“With so much discord and animosity surrounding the topic of immigration these days, I love being part of the message we offer in this episode,” he said. “It challenges everyone to open their arms and hearts to their neighbors, whether they feel a connection to them or not. We are challenged to be love in this world, regardless of whether it’s comfortable for us or not.”

Cynthia Pineda, a member of the show’s production team, has a special connection to the topic of immigration.

“It is so satisfying to see how our teamwork is really bearing fruit … Cristo Para Todos!,” she said. “Especially in terms of this episode’s topic – because I am an immigrant and many on our team are immigrants – we produced a final product that beautifully and directly speaks to the realities of the immigrant.”

Named for St. Gabriel the Archangel, patron saint of television, radio and all digital communication, the Gabriel Awards are presented annually by the
 Catholic Academy in recognition of work that proclaims value-centered views of society and humanity, primarily through the media. Founded in 1965, the awards have been the culmination of an intensive screening process and blue ribbon judging that honors excellence in film, network, cable television and radio, as well as social media.

“Cristo Para Todos share the same values as the Gabriel Award criteria, ‘to uplift and nourish the human spirit’ … ‘to affirm the dignity of human persons; recognize and uphold universally recognized human values such as community, creativity, tolerance, justice, compassion and the dedication to excellence,’” Hartman said.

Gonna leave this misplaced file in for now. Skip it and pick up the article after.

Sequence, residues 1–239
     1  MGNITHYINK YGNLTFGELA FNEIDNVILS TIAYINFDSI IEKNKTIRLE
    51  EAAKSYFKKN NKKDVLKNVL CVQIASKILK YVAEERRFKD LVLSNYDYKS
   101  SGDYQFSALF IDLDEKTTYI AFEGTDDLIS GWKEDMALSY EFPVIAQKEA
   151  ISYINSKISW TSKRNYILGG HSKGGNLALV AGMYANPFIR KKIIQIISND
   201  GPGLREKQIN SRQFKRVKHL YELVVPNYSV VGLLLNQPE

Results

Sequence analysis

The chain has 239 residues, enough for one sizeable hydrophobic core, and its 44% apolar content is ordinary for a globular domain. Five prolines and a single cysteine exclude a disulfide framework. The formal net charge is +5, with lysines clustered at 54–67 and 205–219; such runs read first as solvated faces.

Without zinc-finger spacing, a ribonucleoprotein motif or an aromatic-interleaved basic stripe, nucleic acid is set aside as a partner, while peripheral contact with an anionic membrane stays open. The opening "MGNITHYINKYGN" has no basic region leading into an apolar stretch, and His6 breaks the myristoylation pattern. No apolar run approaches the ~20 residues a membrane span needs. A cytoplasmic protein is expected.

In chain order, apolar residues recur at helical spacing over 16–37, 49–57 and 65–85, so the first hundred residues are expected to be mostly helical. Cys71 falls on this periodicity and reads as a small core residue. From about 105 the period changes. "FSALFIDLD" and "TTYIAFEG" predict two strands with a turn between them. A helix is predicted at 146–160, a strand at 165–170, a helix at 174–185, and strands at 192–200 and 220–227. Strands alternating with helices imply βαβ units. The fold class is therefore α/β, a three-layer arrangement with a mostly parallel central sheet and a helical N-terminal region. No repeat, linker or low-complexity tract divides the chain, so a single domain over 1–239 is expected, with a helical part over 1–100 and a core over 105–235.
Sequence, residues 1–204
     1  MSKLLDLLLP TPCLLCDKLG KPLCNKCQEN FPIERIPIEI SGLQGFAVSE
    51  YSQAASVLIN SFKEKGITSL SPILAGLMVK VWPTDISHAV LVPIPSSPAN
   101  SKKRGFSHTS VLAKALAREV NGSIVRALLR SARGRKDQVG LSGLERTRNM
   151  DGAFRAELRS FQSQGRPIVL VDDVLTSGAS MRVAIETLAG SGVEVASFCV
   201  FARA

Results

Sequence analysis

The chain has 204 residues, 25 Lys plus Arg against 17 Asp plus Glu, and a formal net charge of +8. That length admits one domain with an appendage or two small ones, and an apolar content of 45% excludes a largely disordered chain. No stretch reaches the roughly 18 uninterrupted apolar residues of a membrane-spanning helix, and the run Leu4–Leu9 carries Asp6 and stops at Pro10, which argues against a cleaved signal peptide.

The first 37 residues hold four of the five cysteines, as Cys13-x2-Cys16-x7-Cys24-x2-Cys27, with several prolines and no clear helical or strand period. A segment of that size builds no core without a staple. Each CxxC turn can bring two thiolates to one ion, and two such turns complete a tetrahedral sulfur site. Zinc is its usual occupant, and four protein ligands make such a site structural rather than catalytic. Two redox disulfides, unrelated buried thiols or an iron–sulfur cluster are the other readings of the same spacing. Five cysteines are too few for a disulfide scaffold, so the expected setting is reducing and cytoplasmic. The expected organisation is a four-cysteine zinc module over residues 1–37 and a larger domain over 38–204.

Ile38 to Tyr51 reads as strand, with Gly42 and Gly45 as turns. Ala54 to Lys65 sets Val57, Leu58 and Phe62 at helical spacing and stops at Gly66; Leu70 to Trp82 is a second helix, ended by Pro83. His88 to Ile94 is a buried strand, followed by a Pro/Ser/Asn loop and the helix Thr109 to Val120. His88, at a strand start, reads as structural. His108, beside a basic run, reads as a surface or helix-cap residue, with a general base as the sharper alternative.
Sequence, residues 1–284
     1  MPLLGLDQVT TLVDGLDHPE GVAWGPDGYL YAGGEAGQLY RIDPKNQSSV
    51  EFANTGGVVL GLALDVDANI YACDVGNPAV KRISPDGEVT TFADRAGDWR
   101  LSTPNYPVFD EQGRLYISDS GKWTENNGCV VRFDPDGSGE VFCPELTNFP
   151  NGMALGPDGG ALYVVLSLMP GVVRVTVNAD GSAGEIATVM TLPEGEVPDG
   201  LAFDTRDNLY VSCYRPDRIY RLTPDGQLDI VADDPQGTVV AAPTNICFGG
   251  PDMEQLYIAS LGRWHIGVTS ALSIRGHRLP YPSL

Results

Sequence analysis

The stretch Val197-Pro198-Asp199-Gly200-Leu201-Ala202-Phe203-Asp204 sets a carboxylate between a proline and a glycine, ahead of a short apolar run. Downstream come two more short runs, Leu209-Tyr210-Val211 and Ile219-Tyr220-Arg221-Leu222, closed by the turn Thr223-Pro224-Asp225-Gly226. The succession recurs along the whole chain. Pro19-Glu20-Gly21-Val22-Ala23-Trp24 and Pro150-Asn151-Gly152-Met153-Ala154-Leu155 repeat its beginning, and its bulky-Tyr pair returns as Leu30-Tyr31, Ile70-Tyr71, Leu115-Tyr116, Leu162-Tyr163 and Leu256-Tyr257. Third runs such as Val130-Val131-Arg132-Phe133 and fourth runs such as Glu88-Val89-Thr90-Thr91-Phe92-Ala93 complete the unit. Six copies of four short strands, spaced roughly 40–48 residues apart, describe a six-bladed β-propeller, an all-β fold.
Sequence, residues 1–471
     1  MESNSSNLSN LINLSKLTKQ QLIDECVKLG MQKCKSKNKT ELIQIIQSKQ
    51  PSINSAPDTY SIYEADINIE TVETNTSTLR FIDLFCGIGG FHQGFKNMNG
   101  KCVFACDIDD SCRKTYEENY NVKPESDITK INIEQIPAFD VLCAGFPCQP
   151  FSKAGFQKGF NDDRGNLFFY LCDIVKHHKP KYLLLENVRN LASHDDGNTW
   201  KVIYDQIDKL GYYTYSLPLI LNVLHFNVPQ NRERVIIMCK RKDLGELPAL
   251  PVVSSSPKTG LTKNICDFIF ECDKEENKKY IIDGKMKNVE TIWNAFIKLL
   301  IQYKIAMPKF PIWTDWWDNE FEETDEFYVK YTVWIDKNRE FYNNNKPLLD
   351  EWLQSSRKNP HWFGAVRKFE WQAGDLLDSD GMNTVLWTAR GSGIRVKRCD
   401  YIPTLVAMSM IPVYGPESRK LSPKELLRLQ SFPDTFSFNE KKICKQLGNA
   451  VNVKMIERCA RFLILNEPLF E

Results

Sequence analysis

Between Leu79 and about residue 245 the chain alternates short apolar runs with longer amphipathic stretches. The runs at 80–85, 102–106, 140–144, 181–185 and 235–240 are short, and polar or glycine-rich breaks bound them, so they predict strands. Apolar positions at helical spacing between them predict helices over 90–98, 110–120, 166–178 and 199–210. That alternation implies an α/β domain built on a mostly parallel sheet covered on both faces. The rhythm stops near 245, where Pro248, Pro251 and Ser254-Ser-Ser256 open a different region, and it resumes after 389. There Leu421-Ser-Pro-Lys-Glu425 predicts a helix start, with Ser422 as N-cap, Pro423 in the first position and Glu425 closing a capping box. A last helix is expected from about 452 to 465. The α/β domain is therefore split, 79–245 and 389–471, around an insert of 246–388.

Entrants go through a selective process of preliminary screening and judging by values, content, creativity, artistic and technical quality and impact. Media professionals, through
 the awards, have an opportunity to be honored for outstanding work that might otherwise not be recognized for its enrichment value. The award is a silver angel – Gabriel – raising a globe encircled by electrons to symbolize communicating God’s Word to humanity. CPT episodes include segments of humorous skits, special guests, music by the group Ministerio Getseman, interviews with Catholic Latinos from around the Diocese and a reflection on Scripture related to the episode topic. New and encore episodes air every Saturday on Philadelphia’s Telemundo 62 and online at CristoParaTodosTV.com. New episodes air the first Saturday of each month on New York’s Univision 41. CPT can also be viewed on a number of local, national and international television stations. For more information and a detailed broadcast schedule, visit CristoParaTodosTV.com.

This is the second Gabriel Award for CPT in its eight-year history. The show began in 2006 as AHTV – Apostolato Hispano Television – and won a Proclaim Award from the Catholic Communication Campaign in its first year, as well as a videographer award. The show evolved and changed format over the
 years, becoming CPT in 2010.